I’ll vote for you!

Do you need help?
April 21, 2016

Babette HughesWhen Babette Hughes went into therapy many decades ago -- she’s ninety-three now! -- she had a goal. She wanted to change into a person her husband wouldn’t hold in contempt. You can guess where this is going. She changed into a person who didn’t care what he thought. She left. She was surprised when her therapist suggested she go to college because her mother had always told her she was stupid. One could argue her mother wasn’t the superior intellect, given she’d told Babette her father -- who’d been murdered -- died of pneumonia. But that’s another story.

College was a good move for Babette. She was already in her thirties and the mother of three, but she got straight A’s.

I don’t know how you’d unravel the rocky start Babette had in life, but she does. Therapy.

Don’t call it that if you want. Call it getting help. Call it confiding in a friend. But do it. Things get blurry up close, as I’ve mentioned, and sometimes the only way to get enough distance is by letting someone else take the wheel.

If you have a bad feeling about someone I think it’s silly to ignore it. How many times have you suspected a person will bring you only grief, then been pleasantly surprised to find the opposite? In my experience, never.

But what about the reverse? Do you put too much stock in good feelings, which can be as deceiving as bad feelings are trustworthy?

It happens on the show sometimes. In the afterglow of what felt like a great conversation with someone I’ll want to invite that person back right away. I’ve learned to resist. Because once in a while, back at my desk and listening to the interview the way you might, I’ll realize -- for whatever reason -- the conversation wasn’t quite as entertaining or useful as it seemed.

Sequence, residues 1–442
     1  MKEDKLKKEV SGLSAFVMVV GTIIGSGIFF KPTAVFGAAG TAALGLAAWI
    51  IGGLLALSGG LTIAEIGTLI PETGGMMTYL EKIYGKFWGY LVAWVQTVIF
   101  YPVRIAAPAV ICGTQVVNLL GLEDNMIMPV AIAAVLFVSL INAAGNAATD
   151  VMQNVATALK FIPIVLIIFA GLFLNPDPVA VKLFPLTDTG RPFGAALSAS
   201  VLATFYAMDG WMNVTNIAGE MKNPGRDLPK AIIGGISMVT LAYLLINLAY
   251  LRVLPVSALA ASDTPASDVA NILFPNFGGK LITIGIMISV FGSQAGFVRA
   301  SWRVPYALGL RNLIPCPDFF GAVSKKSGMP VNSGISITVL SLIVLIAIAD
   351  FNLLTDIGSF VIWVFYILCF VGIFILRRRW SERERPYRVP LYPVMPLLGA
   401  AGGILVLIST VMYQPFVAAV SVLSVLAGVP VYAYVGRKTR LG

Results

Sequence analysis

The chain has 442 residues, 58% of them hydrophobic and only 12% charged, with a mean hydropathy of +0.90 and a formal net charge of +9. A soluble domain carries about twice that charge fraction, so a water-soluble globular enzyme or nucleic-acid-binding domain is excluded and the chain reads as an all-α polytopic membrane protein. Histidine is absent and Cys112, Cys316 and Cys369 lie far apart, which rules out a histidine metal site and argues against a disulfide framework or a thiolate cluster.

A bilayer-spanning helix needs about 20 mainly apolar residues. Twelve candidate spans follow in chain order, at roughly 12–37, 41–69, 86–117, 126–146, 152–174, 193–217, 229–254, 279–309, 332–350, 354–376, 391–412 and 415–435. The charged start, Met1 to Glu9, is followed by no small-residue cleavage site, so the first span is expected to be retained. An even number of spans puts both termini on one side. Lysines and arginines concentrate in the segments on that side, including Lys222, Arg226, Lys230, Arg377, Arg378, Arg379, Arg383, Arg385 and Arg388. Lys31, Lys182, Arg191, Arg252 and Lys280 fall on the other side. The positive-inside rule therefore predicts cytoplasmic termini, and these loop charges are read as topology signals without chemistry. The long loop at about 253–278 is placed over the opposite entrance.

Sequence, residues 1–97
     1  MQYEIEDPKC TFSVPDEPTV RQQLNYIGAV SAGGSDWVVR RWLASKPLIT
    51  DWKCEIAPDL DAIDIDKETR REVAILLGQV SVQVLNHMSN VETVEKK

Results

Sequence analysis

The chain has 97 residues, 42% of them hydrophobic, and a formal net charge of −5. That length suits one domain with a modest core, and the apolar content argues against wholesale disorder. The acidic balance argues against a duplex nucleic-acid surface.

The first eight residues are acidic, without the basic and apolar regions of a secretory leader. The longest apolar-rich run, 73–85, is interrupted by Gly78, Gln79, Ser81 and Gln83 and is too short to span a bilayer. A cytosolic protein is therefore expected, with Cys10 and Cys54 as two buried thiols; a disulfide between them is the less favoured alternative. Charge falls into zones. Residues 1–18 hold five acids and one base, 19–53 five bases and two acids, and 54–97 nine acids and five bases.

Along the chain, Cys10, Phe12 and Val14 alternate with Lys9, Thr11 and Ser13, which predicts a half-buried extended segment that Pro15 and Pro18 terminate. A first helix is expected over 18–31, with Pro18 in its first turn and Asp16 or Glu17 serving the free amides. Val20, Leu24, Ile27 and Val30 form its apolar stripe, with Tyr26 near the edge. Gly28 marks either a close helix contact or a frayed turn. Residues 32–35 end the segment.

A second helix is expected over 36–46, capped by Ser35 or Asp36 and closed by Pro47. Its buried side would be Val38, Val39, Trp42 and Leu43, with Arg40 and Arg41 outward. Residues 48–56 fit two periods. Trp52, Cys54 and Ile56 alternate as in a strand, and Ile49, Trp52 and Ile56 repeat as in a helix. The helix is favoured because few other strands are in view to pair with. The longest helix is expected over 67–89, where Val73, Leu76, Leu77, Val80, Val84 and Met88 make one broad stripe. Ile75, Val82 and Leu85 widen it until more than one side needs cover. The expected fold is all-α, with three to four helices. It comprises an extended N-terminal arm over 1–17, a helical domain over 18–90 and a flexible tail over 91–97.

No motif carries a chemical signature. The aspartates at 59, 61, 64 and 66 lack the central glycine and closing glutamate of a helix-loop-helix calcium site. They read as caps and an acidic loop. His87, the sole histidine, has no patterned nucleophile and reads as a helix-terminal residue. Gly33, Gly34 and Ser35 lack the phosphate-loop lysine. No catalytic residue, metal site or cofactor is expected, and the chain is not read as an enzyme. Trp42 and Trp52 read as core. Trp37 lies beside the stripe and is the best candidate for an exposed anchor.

It happens outside of work, too. I’ll be so happy someone isn’t openly hostile I mistake that for approval, and sometimes it isn’t. I’ll let my guard down, and be sorry.

There’s a silver lining to this. I’ve realized my default setting is to believe the best about people. I can live with that.

My advice to youngsters on a new job is to keep their mouths mostly shut for a while. They might know how to change everything, how to make everything better. But garnering support for it is a slow build. Better to hang back until you know whom to befriend. Make enough friends and you stand a chance to make a difference.

How do you get high?
April 19, 2016

For ten years of my professional life the highlight of my day was a forty-five minute interview around the corner from where I’m typing, on the steps leading up to our bedrooms. Darrell would hook me up to something digital and record the telephone conversations I had with people on various aspects of career planning.

I was always a little high after those interviews. High, and spent. Something important was happening. Darrell and I were disappointed we couldn’t air the interviews intact, for starters. Instead we selected a couple of high points from each and I wrote scripts for ninety-second vignettes around those sound bites. That was The Career Clinic for a long time. I had fun, my guests had fun, and dozens of stations aired it. The American Forces Network snatched it up early on, and still runs a similar feature based on the talk show we’re doing now.